Lehman Brothers: The Court-ordered ADR Procedures have been Wildly Successful.

Lehman Brothers bankruptcy is the largest in U.S. history. It invested heavily in predatory mortgages just as housing prices started falling.

Lehman Brothers Holdings Inc. v. Smart Mortgage Centers Inc.


United States Bankruptcy Court, S.D. New York

FEB. 1, 2022 | REPUBLISHED BY LINY : FEB. 1, 2022

This is all related to the 2008 collapse of Lehman Bros. The Lehman Brothers bankruptcy is the largest in U.S. history.

It invested heavily in predatory mortgages just as housing prices started falling.

We’re tracking the many cases currently before Judge Chapman, post financial crisis.

The question it continues to raise;

How is Lehman Bros allowed to obtain monetary relief for predatory loans from the same banks and non-banks, et al, who are stealin’ citizens homes with court approval around the country.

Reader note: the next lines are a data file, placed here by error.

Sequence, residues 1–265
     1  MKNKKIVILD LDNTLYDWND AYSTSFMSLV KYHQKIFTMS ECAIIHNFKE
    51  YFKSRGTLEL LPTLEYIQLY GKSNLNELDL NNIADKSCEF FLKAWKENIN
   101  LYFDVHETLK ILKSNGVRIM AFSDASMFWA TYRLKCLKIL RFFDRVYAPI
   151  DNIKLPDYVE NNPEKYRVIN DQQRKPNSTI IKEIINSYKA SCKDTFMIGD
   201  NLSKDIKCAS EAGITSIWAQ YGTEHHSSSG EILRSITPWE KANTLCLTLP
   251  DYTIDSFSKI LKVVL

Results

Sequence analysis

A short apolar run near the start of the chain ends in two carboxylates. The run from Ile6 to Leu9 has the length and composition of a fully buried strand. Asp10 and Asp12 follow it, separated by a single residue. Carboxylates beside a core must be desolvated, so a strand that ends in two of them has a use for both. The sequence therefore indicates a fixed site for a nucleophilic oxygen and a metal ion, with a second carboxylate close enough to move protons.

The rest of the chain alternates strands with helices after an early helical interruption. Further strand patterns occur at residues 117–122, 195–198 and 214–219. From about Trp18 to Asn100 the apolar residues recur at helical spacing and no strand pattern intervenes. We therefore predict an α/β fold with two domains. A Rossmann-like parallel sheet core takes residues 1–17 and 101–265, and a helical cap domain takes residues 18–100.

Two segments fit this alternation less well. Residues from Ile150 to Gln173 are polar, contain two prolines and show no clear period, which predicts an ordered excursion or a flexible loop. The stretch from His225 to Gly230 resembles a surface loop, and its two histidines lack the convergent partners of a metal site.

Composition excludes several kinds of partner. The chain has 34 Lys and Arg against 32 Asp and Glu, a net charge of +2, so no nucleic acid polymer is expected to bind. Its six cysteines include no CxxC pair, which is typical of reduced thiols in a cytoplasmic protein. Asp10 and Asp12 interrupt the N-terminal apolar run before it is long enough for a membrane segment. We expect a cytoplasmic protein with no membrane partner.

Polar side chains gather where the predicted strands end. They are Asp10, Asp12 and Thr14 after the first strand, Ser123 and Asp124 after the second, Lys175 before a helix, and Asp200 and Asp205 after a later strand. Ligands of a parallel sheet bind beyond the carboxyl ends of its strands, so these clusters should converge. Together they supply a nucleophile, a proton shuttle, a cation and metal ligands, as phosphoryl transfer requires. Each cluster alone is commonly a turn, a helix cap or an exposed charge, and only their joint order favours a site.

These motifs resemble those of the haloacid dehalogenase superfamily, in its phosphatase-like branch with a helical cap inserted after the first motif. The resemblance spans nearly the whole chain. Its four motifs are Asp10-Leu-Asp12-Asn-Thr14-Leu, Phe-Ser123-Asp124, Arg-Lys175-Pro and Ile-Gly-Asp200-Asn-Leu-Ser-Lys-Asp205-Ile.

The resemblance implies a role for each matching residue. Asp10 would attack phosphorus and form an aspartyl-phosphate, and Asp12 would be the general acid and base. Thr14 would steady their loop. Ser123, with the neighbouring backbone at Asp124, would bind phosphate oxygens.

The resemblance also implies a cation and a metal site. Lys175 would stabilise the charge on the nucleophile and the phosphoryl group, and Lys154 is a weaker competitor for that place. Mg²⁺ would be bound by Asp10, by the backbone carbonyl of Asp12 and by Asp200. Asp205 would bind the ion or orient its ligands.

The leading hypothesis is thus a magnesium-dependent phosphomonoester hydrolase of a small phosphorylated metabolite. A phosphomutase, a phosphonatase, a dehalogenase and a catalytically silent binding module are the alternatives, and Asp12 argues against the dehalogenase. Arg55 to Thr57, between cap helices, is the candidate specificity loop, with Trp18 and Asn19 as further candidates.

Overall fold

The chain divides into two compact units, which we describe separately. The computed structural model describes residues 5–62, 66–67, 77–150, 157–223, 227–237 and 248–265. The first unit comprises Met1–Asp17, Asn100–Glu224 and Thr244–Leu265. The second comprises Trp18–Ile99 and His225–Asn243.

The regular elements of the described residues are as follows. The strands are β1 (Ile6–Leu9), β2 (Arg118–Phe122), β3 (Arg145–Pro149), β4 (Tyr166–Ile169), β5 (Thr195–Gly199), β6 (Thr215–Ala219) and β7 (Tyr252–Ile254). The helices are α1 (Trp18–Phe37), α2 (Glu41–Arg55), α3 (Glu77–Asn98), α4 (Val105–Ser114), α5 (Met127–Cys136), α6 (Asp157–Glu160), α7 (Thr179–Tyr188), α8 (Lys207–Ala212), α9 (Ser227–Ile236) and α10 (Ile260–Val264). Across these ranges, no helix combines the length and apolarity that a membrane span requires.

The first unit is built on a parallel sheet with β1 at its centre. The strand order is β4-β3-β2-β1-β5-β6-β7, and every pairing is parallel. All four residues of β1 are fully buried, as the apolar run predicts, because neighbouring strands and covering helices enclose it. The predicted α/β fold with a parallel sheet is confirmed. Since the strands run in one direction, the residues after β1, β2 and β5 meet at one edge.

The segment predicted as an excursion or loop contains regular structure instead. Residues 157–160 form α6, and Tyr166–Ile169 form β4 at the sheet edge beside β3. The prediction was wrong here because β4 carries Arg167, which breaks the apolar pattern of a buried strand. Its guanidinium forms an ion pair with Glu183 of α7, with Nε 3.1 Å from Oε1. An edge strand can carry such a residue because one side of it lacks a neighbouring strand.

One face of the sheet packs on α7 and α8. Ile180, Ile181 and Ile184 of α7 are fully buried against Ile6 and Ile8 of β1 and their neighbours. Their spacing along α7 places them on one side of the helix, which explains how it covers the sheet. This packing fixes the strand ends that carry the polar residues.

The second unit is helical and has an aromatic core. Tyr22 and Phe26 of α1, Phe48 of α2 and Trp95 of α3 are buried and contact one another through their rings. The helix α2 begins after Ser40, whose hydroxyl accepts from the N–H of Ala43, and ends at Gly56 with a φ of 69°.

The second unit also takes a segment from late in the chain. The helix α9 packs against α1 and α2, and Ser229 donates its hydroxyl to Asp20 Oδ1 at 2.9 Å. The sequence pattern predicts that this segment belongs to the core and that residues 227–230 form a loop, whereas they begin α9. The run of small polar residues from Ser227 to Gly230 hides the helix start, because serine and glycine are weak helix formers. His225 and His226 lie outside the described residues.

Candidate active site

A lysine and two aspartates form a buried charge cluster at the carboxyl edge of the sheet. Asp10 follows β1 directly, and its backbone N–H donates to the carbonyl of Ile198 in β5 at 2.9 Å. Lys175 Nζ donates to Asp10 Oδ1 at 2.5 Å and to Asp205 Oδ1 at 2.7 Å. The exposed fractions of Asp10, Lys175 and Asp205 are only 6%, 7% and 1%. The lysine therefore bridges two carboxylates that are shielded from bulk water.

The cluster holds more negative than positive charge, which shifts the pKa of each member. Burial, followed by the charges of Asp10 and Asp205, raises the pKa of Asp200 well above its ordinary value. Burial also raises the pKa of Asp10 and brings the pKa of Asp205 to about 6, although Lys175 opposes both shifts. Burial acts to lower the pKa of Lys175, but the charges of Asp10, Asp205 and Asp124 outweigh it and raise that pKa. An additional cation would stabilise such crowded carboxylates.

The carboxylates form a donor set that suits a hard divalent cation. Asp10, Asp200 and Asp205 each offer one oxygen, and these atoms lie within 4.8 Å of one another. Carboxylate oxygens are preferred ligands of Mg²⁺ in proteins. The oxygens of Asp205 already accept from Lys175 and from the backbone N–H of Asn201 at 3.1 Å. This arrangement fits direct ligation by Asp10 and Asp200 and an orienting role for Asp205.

We have the answer and the evidence.

It’s called the Greatest Theft of Property from Citizens in American History.


TELEPHONE (212) 382-3300
FACSIMILE (212) 382-0050

February 1, 2022


The Honorable Shelley C. Chapman,
U.S.B.J. United States Bankruptcy Court
for the Southern District of New York
One Bowling Green
New York, New York 10004-1408

Re: Lehman Brothers Holdings Inc. v. Smart Mortgage Centers, Inc., Adv. Pro. No. 21-01066

Dear Judge Chapman:

We represent Lehman Brothers Holdings Inc. (the “Plan Administrator”) and write in response to Smart Mortgage Centers, Inc.’s (“Smart Mortgage”) letter, dated August 31, 2021, requesting that discovery and court ordered mediation be stayed until its pending motion to dismiss (“Motion”) is decided (Adv. Pro. No. 21-01066) [Dkt. No. 16] (the “Stay Letter”). The Plan Administrator respectfully seeks denial of the letter request and an order requiring Smart Mortgage to (i) comply with the ADR Order and (ii) continue with discovery.


On August 12, 2021, the Plan Administrator served Requests for Production of Documents on Smart Mortgage. Under Federal Rules of Civil Procedure 26 and 34, as incorporated by Federal Rules of Bankruptcy Procedure 7026 and 7034, and the Local Rules of this Court, Smart Mortgage had 30 days from service to respond to the Requests, meaning that the deadline to respond was September 11, 2021.